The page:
Typefaces are a big deal, I think we’d all agree. If they weren’t why would everyone have made such a big deal about the use of Papyrus for the Avatar movies? If words carry meaning, then typeface/font carries a lot of the voice. When it comes to car dashboards and instrument clusters, the choice of typography is an important one, as you have to factor in some important legibility concerns, along with a lot of styling demands, because these are cars, not industrial mixers. The instrument cluster is also the place on a car where the engineers can very directly convey the technological development level of the car to the driver, and often the aesthetics and design of the instruments is very directly informed by the technology used. That’s the main culprit behind what I want to talk about today: a typeface choice that, I think, may be one of the stupidest ever chosen for use on car dashboard gauges – well, I guess that depends on the medium. It’s complicated, sort of, but I think worth looking at, because it’s also interesting. The typeface I’m talking about are fake seven-segment display-style typefaces.
Before we get into the specifics of this typeface, it’s worth noting that there has always been a huge variety of typography on car instruments. There are trends, of course – you see a lot of Art Deco-inspired typography in the 1930s and 1940s, a lot of jet-age design in the 1950s to 1960s, and a swing to clarity and simplicity in the 1970s and 1980s, though in America the 1970s was more about ornate classy-adjacent kind of typography as well.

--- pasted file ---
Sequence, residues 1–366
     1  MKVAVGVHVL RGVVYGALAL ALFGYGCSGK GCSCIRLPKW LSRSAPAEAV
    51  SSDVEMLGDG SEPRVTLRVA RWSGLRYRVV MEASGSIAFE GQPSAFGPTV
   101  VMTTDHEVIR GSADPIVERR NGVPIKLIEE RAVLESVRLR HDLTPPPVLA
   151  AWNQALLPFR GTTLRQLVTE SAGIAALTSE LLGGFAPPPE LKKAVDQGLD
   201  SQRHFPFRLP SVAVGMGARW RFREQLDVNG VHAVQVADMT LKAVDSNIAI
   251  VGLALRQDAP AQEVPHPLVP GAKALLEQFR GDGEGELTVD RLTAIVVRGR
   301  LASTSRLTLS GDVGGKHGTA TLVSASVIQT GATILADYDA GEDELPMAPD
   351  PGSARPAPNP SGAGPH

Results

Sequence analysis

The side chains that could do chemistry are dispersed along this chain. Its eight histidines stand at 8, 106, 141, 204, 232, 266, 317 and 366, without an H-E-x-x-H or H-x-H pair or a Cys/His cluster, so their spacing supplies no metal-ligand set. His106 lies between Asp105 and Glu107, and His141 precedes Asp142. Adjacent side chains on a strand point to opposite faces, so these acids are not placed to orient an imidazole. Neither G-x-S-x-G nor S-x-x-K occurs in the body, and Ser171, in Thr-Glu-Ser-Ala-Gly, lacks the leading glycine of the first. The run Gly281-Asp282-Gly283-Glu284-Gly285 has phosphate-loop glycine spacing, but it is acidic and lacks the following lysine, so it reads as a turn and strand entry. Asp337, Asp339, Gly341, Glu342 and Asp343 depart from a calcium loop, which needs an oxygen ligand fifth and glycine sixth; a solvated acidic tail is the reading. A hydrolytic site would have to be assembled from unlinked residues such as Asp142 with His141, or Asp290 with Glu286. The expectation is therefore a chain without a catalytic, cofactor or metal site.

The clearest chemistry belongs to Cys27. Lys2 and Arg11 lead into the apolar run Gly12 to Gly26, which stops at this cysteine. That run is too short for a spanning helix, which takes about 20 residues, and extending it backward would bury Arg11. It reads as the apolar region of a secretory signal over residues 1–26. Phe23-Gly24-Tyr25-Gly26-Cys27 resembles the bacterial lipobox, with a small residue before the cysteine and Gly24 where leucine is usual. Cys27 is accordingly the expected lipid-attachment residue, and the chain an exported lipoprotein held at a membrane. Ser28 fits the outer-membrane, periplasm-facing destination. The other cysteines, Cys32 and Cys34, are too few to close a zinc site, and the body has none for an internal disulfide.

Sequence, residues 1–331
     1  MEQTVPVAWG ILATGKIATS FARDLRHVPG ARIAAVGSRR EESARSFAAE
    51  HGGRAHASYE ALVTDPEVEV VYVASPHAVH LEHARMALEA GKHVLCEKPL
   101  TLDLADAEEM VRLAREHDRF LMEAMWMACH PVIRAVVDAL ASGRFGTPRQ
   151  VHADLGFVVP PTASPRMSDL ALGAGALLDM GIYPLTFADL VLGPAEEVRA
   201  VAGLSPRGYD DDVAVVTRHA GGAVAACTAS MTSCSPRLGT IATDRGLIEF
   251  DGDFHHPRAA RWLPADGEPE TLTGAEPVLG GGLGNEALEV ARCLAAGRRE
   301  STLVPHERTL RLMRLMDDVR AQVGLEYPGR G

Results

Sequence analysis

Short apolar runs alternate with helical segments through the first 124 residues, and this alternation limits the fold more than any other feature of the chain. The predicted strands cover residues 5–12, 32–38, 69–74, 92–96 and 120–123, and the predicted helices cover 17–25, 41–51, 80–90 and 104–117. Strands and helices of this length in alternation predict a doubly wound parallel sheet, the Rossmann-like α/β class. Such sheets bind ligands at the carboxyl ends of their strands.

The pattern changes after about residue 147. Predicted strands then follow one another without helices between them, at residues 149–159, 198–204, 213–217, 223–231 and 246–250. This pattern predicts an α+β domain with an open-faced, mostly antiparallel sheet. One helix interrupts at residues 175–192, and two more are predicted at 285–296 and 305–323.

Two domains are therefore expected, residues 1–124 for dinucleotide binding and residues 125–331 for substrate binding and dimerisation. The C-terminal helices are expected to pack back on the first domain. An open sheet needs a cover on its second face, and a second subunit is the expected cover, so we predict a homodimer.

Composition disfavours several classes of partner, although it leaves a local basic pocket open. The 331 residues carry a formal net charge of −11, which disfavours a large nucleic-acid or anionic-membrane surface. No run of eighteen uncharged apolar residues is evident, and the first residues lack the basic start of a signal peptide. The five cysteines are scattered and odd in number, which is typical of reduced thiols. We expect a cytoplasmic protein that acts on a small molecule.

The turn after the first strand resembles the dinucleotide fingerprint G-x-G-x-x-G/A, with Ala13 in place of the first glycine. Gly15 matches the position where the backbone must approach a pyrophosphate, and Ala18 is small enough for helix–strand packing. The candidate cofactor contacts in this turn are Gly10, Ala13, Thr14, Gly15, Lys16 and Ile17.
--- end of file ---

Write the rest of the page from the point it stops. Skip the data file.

But let’s get back to the reason I’m going on and on, the seven-segment typographic look.
For the most part, this was a trend associated with the 1980s and early 1990s, but it still shows up sometimes today, in interfaces on modern LCD screens. Now, the name I’m using for this – seven-segment displays – is pretty geeky, but this is a typeface that I guarantee everyone knows and has seen. It comes from a particular type of numerical display technology that goes all the way back to the 1960s, with an especially famous example of its use being in the Apollo Guidance Computer’s DSKY terminals that got us to the moon and back:
Essentially, these displays are a set of seven segments that could be LED lights, tiny vacuum fluorescent tubes, liquid crystals, or whatever, arranged in the shape of a squared-off 8. From this shape, all ten digits can be formed:
The numbers are quite legible, but definitely have a distinctive squared-off, segmented look. Because these displays were so common in tech in the 1970s to 1980s and on – they’re still common today – they became a sort of visual shorthand for high-tech or computers, even if almost no computer larger than a calculator used these as a main display.